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I am the Dog Trainer Girl. A wife to a wonderful husband, momma to 2 boys, one that is a mini-me and makes me call my dad and appologize on a regular basis. I am owned by a Corgi named Yadi. I'm a Baseball girl, who likes bats, ball and bases on my diamonds. Go Cardinals!!!

Saturday, August 3, 2019

Chewing is Natural

*disclaimer - I have not been endorsed or supported by any of the products mentioned in this blog.  I have however used them in my own training journeys and found them to be very useful*

One problem behavior that almost all pet parents have to deal with at some point in their furry companion’s life is chewing.  I often have pet parents that come into their first class with me and are beyond frustrated that their beloved pup is chewing up their shoes or phone chargers.  Or if your me, you walked into your kitchen and found this...  

 The important thing to remember is that chewing is a natural and necessary part of their life.  In fact, it is important for the mental well-being of our dogs that we encourage their chewing.  The trick, however, is to make sure that we are encouraging them to chew on the appropriate things.  Chewing is an inherent behavior in dogs.  A dog’s teeth and the skill of chewing are some of the most important parts of a dogs survival instinct, but there are other reasons they chew as well.  

For puppies and adolescent dogs, it’s a way to reduce the pain of teething.  Chewing also helps to promote healthy teeth and gums by increasing the flow of a dog’s antibacterial saliva.  When a dog chews on something it stimulates the Adrenal-Pituitary Axis, which is part of a dog’s Neuroendocrine system which helps to regulate stress with the release of endorphins making chewing a self-soothing behavior.  
Yadi with a Buffalo Horn

Puppies set about exploring life with their mouths.  They learn taste, texture and sound by manipulating objects with their mouths. As they look at their environment around them, anything within their reach is fair game until they are taught otherwise.  I’ve often said that we accidently teach our dog’s 98% of their bad habits by not understanding how they interpreter our responses to their actions.  Chewing on inappropriate objects is a huge example of this.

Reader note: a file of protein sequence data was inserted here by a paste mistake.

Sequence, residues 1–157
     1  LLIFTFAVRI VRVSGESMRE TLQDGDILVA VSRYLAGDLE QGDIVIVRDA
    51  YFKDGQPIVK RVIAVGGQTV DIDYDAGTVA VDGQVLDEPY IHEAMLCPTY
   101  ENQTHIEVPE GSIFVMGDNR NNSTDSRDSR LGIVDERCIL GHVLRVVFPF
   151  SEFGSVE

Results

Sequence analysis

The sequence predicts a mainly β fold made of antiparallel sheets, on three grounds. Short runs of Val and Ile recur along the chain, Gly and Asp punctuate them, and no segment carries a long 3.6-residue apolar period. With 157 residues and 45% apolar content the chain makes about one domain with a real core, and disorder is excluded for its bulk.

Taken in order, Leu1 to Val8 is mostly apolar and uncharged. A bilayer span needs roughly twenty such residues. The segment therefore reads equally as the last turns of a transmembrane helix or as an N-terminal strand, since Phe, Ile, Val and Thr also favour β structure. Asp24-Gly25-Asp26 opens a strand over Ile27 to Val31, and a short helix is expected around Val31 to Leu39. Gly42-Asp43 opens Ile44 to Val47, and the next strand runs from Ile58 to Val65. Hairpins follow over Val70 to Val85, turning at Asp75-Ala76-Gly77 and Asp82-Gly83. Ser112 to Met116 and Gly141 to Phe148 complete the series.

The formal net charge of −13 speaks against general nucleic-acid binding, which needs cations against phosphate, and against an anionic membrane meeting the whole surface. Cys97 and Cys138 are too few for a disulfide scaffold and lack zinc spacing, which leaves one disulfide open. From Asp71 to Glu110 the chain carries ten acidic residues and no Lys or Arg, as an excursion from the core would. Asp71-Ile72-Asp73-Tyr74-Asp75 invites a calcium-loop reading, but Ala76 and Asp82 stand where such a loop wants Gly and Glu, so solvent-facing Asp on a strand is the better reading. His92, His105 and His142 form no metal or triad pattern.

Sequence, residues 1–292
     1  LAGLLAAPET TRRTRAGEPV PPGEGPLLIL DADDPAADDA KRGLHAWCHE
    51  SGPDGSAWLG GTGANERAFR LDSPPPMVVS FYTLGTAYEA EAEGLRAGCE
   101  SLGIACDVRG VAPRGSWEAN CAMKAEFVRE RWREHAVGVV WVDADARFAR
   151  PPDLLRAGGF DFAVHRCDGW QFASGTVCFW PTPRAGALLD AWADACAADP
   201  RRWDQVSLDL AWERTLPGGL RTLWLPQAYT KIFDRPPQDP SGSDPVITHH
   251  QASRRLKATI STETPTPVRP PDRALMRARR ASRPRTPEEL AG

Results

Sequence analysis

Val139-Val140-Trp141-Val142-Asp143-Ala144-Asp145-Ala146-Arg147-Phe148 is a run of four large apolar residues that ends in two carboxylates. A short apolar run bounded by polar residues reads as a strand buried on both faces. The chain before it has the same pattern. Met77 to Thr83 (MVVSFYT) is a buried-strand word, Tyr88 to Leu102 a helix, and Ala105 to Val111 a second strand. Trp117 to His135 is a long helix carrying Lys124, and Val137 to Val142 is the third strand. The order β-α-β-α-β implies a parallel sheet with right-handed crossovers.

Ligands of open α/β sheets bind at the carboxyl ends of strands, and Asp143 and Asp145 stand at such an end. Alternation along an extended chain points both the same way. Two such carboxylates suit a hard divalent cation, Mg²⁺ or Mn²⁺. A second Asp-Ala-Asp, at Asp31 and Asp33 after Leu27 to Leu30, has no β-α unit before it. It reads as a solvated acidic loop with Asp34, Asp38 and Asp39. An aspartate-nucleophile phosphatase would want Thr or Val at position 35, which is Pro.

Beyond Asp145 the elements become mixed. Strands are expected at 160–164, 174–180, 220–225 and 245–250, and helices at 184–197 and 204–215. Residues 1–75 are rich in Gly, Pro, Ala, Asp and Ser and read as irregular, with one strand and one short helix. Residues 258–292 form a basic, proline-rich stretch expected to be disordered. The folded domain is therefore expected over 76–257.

Think about this from your pup’s point of view.  You come home and your dog is chewing on one of your favorite shoes.  What do you do?  95% of us will yell “NO” with some excitement in our voice and move toward our dog to take the shoe, right?  Your dog doesn’t want to give up the fun toy that got you so excited when you came home so she grabs it and races down the hall.  You give pursuit because you need to get the shoe away from her.  
Now pup is super happy because you have responded to her chewing your shoe with a game of chase.  How much fun is your pup having?  Is this really something your pup is going to avoid doing in the future?   The answer is no! 

Part of being a pet parent means that you are either in constant training mode, or management mode. All items that could be fun for your dog to chew on that are not appropriate need to be removed from their area when they are unsupervised.  Remember your pup is essentially a 2-year-old toddler emotionally.  They have no concept of value, or ownership (in the sense that we consider ownership).  Our dogs only learn to do the things that WE teach them to do.  

So how do you teach your dog not to chew on inappropriate things?  I’m so glad you asked!  

The first step of teaching our dogs what not to chew on, is to teach them what they are allowed to chew on. Sound to simple?  I promise you it’s not.  Our dogs learn that things that work to get our attention are the things they should do again.  Remember that game of chase down the hallway trying to get your shoe back?  How much attention did your dog think she was getting? (A TON!!!)  Surround your dog with the things that they are going to get your approval for chewing on and then, and this is the most important part, reward them for chewing on those things.  

One of my favorite interactive toys is the Kong, or the Busy Buddy Squirrel dude.  Both of these toys are hollow, and you can stuff them with different types of treats or food.  The Kong Company even has an interactive recipe guide at their website www.kongcompany.com
My pup Yadi loves a natural peanut butter mixed with his kibble in his.  I put this in the freezer for an hour or so until the peanut butter is firm, and it keeps him busy for an hour or more.  
Frozen Peanut Butter Kongs and a horn.
Some other great treat toys are things like snuffle mats made of fleece where you can scatter their food or treats into the mat so that they have to search for it.  These are great for nose work or slow feeding options as well.  Trixie Flip Board games for dogs also have several levels of puzzles where your dog has to learn to use their nose, and feet to find the hidden treats.  There are also all the natural chewing options like Bully Sticks, Buffalo Horns (which are also fillable) and Antlers. All of these options are great to keep pups occupied while you are busy or not at home.  

The other side of this issue is of course the training side.  The first step is to start teaching your pup 2 specific behaviors, Leave it and Drop it.  These will be covered in another post.

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